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Sent: 13-08-2013 13:56:07
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Improved Growth Momentum Raises Chance of Turn in Equity CycleThe Essential SMSF Guide 2012-13Wishful Thinking not Volatility to Blame for Poor ForecastsEmail Marketing For Planners
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Improved Growth Momentum Raises Chance of Turn in Equity Cycle

Click here to buy - A How To Book of SMSF's by Tony Negline
John Robertson

The flow of global growth statistics has been unimpressive by historical standards but recent numbers hint at the first signs of progress along an adjustment path leading to stronger raw material demand.

At the beginning of this week, Japan's Cabinet Office reported a third consecutive quarter of expanding GDP. Over the last 20 years, Japan has battled to get more than four successive quarters of growth. It has only managed to do this once - between March 2005 and June 2006 - when the quarterly growth rate averaged just 0.5%.

At the beginning of August, the Department of Commerce reported that US GDP had risen by 0.4% in the June quarter, slightly less than the 0.5% average quarterly rise since the US exited a recession in 2009 but better than the flat outcome as recently as the December quarter of 2012.

A week earlier, the UK government had reported a second consecutive quarter of GDP growth (+0.6%) marking just the third quarter of expansion out of the past seven.

Anyone interested in viewing charts of the historical growth outcomes can do so at

During this week, Germany and other member countries of the EU are also slated to release June quarter output numbers with German growth predicted to exceed 0.6% which, if realised, would imply the strongest growing quarter since the beginning of 2011. The Euro area as a whole is expected to have expanded for the first time since late 2011.

Although inevitably less credible, Chinese statisticians put their growth in the June quarter at 1.7%. While high by the standards of others, this result sits at the low end of the range of outcomes political leaders have deemed acceptable.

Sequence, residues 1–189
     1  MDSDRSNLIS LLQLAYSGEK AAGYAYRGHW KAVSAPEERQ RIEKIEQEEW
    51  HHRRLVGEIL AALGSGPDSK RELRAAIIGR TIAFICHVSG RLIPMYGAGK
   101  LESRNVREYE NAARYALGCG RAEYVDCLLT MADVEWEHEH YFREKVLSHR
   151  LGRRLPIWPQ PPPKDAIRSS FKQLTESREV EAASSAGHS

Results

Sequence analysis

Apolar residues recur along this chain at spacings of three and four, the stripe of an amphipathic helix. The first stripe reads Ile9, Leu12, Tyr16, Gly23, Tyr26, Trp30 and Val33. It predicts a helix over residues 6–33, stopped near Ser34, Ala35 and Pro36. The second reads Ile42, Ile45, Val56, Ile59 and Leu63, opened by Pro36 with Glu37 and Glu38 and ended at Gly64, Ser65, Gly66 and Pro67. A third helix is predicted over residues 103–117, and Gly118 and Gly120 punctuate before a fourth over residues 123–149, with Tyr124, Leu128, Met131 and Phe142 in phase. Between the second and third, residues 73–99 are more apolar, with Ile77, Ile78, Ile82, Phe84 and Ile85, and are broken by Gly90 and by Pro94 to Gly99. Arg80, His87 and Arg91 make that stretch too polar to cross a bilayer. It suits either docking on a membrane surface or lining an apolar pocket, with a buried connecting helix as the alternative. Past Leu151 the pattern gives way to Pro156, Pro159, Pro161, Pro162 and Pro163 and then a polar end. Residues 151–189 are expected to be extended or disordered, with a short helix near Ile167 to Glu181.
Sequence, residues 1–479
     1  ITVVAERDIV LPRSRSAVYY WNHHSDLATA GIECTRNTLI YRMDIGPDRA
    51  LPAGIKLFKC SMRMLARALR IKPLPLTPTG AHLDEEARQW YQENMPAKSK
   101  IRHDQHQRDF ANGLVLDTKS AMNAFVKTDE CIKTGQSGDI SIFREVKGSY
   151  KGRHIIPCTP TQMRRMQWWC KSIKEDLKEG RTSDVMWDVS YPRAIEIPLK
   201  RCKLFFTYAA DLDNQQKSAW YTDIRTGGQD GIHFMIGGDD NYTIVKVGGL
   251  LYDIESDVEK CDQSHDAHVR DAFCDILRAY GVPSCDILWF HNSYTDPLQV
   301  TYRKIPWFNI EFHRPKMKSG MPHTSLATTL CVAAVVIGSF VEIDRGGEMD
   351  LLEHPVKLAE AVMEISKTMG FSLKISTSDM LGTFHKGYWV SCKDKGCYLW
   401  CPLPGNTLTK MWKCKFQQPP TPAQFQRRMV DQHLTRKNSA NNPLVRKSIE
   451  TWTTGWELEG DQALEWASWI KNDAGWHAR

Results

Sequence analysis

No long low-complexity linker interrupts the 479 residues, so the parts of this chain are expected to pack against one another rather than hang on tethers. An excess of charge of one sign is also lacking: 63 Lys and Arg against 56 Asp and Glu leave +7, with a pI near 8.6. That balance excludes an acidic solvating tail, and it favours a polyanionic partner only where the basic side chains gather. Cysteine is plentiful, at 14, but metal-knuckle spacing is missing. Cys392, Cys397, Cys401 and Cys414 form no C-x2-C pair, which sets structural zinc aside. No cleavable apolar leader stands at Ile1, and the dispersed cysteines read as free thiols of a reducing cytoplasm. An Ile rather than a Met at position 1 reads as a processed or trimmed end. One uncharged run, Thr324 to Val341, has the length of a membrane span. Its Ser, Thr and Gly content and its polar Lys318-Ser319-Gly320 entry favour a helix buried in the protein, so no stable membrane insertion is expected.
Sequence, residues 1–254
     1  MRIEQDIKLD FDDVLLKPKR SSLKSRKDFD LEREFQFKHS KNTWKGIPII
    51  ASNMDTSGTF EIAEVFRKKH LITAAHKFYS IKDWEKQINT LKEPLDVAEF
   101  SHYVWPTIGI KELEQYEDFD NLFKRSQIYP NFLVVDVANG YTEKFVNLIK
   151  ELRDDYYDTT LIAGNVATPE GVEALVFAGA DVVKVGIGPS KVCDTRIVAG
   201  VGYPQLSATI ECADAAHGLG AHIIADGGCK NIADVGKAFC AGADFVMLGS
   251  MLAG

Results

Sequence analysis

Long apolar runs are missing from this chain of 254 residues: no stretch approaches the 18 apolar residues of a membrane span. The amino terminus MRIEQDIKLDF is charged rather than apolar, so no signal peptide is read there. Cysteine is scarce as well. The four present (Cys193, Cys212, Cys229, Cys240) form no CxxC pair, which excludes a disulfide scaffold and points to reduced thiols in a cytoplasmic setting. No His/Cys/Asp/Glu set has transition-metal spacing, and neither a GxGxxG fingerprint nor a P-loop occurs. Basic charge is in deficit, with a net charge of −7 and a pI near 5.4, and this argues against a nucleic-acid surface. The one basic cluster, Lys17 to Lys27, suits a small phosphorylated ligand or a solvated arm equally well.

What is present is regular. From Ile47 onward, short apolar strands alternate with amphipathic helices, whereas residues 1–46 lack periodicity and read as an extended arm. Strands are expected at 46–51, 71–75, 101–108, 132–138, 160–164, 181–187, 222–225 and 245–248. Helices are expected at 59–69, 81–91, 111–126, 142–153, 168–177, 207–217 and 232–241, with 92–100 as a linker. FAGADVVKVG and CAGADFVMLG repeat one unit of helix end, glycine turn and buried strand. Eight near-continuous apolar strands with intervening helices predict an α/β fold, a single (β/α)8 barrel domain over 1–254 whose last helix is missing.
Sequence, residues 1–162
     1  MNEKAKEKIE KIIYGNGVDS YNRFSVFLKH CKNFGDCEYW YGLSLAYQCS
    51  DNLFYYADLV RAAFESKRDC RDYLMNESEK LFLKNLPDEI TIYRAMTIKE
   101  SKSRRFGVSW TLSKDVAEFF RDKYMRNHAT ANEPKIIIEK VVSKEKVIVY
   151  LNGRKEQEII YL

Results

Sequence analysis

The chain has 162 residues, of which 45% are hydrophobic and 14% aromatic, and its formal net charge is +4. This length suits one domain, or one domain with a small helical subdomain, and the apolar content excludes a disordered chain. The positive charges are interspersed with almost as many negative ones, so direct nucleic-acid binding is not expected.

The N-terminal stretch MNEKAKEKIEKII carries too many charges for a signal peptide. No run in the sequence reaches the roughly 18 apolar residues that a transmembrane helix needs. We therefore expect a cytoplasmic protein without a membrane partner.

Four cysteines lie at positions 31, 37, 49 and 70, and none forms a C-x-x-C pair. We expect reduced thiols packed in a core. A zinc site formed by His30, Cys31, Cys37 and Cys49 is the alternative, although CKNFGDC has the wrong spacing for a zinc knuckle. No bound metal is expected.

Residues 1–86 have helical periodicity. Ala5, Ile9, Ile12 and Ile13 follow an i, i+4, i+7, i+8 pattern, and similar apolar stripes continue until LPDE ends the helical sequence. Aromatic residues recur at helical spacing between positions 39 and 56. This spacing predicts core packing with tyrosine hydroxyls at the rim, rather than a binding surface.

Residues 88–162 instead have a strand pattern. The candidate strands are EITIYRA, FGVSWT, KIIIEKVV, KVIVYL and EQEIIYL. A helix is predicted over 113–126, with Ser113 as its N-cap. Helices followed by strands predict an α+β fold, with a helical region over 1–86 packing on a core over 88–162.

From one perspective, the flow of statistics makes for bleak reading. Nearly everywhere, the pace of growth is slower than its potential and short of what governments would regard as tolerable. The International Monetary Fund (IMF) is now forecasting global GDP growth in 2013 of 3.1% compared with the average growth rate over the 10 years before 2008 of 4.0%.

Mainstream forecasters are generally predicting something better to come. The IMF, for example, is thinking of 3.8% in 2014 and 4.2% in 2015. Such possibilities would signify considerable improvement in the demand for raw materials and, in particular, demand for products such as steel and the main nonferrous metals.

From the perspective of the raw material markets, an acceleration in global output growth is an important precondition for stronger offtake growth and, eventually, better prices. Accelerating growth usually brings with it a pickup in investment spending and a boost to raw material purchases as production runs ahead of demand in anticipation of improving conditions and business displays a newfound willingness to build inventories.

Changes in the momentum of growth, rather than the growth rates themselves, are most likely to provide the leading signs of improved conditions in the real economy. Similarly, financial and derivative markets also distinguish between speed and acceleration, responding positively to the latter as investors seek to anticipate how other investors will be reacting.

A prospective acceleration in growth of the magnitude being forecast would normally imply markets are poised to raise the prices of securities leveraged to these conditions. Unfortunately, there has been too much disappointment for investors to readily embrace such possibilities, no matter how analytically well-based they might appear.